Working With AV System Owners
AV system providers can greatly affect a project's outcome, but the AV system owners who contractually set up the project process also share this responsibility.
Fear of change (orders)Who really pays?A better solution
I OFTEN hear stories about pro AV integration projects. Some are good, some are bad, and some are downright ugly. They come from a variety of perspectives — from the owner, the architect, the end-user, the AV consultant, and the AV integrator.
In the good ones, everyone plays their part well. In the bad ones, one or more of the project participants fail to perform from a lack of experience, knowledge, or both. Of course, it's never the teller of the story.
When projects don't go well it's sometimes the AV design and installation team that's the culprit. However, it can also be the owner and/or the architectural team causing trouble.
When the owner is the party making things difficult, it generally trickles down the food chain. The parameters of the problems are many, including the end-users' availability, the owner's AV teams' capabilities (or even existence), their place in the organization, the owner's contracting process and requirements, or even political problems within the owner's organization.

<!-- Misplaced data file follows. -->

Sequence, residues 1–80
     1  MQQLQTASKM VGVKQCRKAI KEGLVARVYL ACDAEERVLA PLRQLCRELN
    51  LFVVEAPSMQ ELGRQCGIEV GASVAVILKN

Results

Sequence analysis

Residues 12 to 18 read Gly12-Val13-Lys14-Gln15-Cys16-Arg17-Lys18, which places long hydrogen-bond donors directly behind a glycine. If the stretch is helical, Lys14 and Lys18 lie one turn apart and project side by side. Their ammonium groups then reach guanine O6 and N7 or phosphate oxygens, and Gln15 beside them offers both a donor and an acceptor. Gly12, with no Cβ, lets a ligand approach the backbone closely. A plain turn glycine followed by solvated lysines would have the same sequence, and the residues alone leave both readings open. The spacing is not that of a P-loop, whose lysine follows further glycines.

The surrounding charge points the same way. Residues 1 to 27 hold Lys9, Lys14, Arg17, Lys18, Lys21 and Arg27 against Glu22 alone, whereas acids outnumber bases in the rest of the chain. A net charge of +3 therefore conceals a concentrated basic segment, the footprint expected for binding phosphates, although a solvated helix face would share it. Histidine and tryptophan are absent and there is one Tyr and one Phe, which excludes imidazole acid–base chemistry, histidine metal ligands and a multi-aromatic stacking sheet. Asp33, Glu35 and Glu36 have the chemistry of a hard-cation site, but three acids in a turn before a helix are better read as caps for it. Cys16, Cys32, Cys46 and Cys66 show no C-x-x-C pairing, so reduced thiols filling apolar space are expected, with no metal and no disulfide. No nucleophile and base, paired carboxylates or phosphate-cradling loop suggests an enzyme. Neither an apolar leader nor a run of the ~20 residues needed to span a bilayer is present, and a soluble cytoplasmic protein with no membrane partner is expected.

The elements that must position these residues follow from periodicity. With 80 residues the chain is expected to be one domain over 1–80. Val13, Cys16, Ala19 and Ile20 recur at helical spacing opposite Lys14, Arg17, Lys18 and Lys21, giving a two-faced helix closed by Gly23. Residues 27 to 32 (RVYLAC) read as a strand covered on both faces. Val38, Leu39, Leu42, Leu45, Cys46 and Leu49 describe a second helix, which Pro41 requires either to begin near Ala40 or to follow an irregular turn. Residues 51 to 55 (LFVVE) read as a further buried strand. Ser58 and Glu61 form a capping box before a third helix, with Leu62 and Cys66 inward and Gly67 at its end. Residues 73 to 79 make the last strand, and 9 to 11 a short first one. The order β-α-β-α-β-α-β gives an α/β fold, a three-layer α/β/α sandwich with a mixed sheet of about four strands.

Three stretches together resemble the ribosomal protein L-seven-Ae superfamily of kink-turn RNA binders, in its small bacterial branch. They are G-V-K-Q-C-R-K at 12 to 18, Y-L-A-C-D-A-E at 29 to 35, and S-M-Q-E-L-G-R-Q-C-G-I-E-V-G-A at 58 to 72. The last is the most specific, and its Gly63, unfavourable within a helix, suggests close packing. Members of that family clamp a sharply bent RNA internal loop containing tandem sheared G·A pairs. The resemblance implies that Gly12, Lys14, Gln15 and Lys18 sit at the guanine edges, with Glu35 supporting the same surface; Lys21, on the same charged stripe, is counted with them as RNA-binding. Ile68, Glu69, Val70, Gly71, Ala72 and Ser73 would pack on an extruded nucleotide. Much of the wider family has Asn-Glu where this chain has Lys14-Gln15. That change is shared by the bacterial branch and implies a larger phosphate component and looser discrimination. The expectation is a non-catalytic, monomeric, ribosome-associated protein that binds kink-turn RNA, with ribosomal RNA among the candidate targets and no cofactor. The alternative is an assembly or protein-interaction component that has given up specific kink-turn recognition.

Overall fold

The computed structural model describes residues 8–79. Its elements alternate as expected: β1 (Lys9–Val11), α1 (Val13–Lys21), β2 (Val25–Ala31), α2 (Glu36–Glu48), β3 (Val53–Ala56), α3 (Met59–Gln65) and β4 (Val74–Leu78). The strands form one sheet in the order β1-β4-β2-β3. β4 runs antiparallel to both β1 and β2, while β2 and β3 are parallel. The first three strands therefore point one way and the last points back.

Problems can sometimes also occur in projects where the AV contract is well written, but the project is badly managed. And likewise, even the best management may not be able to compensate for a poorly structured AV contract.
Many problems stem from the owner's lack of understanding of the AV design and installation process and/or its impact on the building. This can manifest in different ways: inadequate or non-existent requests for AV providers' qualifications, inappropriate or vague requests for proposals, inadequate budgets, unrealistic project schedules, and mismatched expectations between the AV team, the end-users, and the owner's administration.